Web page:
I’d rather perform in a gallery than a comedy club…
Comedy clubs don’t really suit me. I’m so much less interested in doing a club than a tour date or a strange, impromptu gig somewhere. It’s partly because big clubby clubs weren’t the sort of place I would go out, so why would I want to be on stage there? It’s also because I never really felt good enough for them. I love places like XS Malarkey and Invisible Dot, but on the whole I’d rather go to weird little nights.
There have been loads of odd ones: I did a Christmas special of Laughter in Odd Places at the Red Gate Gallery in Loughborough Junction; a friend got married at the Thames Barrier and I did some standup for that, pretending to be an awful astronaut doing a talk about the barrier and being really rude. I performed at the Museum of London in the Roman bath exhibit, improvising about it.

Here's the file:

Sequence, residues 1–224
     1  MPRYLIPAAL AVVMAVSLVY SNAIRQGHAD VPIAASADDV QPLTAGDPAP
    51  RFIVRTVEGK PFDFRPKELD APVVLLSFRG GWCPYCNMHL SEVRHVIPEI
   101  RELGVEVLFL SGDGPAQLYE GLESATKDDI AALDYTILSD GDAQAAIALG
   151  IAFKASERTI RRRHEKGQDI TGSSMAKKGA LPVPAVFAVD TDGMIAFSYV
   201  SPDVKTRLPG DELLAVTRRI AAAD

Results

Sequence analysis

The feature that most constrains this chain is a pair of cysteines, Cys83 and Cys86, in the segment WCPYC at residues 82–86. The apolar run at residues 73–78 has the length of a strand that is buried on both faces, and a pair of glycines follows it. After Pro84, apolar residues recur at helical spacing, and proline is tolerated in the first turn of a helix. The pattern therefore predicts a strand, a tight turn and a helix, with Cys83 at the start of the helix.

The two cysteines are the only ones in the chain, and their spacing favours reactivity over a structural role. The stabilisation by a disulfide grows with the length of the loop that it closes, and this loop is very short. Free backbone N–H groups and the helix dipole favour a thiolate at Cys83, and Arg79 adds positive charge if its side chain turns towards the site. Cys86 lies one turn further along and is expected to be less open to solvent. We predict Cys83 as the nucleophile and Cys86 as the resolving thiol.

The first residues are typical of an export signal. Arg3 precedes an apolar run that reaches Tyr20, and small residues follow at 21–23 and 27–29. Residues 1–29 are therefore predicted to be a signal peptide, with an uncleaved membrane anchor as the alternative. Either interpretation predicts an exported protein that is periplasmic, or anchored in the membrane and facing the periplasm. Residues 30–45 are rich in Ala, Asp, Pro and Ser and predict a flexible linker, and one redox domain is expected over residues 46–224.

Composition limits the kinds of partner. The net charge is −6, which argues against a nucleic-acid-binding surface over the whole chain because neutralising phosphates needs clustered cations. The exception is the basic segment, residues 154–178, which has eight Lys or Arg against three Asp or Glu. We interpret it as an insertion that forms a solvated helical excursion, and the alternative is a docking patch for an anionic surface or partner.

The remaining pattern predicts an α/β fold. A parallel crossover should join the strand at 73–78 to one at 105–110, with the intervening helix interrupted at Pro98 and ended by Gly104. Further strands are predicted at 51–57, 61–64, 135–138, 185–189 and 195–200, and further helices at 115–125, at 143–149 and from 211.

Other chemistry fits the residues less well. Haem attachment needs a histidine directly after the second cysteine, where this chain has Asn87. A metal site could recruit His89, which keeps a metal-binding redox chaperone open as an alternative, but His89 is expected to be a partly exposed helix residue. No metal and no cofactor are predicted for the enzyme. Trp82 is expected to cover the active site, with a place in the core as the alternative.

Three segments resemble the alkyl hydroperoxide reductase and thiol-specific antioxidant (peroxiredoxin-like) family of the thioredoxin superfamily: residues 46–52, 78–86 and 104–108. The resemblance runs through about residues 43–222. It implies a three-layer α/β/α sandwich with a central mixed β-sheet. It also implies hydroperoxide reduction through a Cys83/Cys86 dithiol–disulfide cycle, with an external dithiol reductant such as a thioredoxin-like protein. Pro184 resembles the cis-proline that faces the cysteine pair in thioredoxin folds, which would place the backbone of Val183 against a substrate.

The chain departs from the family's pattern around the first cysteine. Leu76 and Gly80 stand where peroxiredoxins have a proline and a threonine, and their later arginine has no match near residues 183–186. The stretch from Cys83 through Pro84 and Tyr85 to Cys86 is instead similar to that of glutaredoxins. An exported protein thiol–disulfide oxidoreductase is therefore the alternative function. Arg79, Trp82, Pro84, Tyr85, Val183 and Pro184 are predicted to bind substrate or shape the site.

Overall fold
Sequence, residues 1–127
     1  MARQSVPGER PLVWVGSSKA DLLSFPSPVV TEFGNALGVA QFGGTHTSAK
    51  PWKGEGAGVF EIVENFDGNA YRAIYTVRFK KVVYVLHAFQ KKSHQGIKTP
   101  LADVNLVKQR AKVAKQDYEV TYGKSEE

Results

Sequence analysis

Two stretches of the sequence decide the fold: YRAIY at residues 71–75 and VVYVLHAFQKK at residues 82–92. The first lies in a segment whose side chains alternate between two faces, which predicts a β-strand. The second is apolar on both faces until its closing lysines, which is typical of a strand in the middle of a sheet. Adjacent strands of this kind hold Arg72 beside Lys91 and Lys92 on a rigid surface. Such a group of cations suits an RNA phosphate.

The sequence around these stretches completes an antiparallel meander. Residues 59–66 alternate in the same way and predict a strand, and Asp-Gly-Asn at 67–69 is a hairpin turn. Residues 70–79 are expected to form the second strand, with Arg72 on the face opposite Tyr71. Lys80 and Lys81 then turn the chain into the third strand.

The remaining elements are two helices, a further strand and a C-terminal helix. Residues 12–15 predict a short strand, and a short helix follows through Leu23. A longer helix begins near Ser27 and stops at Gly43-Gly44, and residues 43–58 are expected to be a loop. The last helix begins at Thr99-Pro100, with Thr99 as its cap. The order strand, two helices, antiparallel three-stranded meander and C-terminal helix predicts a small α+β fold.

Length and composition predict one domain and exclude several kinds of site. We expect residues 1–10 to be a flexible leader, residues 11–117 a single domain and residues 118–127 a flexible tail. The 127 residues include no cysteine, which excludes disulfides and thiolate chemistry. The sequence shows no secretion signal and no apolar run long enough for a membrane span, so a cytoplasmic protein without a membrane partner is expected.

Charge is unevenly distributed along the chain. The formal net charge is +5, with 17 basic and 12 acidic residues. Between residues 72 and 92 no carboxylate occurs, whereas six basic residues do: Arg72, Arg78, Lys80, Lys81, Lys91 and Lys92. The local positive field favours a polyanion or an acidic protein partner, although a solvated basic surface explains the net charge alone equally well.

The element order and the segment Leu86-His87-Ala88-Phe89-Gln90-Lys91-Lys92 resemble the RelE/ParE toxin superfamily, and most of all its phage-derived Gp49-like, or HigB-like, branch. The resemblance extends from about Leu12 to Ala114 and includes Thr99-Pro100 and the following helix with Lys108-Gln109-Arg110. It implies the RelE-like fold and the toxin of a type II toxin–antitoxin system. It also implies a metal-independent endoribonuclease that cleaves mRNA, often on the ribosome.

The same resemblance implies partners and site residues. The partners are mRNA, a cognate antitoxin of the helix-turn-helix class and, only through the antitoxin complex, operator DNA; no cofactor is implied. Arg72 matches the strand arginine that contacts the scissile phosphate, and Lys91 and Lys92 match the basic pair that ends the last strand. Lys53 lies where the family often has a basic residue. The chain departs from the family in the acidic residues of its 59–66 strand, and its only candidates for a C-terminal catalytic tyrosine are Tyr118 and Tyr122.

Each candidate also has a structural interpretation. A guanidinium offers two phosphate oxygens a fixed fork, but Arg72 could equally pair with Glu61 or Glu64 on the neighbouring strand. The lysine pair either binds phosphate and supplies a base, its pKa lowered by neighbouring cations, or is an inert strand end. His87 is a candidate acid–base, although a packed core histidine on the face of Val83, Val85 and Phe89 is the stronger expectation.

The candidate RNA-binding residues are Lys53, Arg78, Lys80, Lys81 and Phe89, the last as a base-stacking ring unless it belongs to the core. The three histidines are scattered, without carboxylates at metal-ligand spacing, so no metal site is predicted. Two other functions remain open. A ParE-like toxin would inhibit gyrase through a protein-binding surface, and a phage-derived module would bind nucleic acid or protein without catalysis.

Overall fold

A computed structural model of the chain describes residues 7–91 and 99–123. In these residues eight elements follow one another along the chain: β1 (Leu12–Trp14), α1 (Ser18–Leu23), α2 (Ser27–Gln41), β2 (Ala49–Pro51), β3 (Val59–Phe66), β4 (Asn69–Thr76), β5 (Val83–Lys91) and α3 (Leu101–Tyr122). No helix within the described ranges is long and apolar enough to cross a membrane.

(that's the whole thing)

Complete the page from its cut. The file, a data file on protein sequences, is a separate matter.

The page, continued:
I’ve actually done a gig at the Tate Modern before for a really funny artist called Pierre Hughes. Simon Munnery and Robin Ince were there. Pierre had a lot of puppetry in his show so I made some puppets of me and Robin, and each puppet was holding a puppet version of themself. I’ve still got them, they took me hours to make.
• Fancy Meeting You Here – a roving comedy show that takes audiences on tours of cultural landmarks – is at the British Museum on Friday 25 April with Maeve Higgins and Tom Meeten, and at Tate Modern on Saturday 26 April with Josie Long and John Kearns
The Week in Comedy: Stand-up comics lead art gallery tours for Fancy Meeting You Here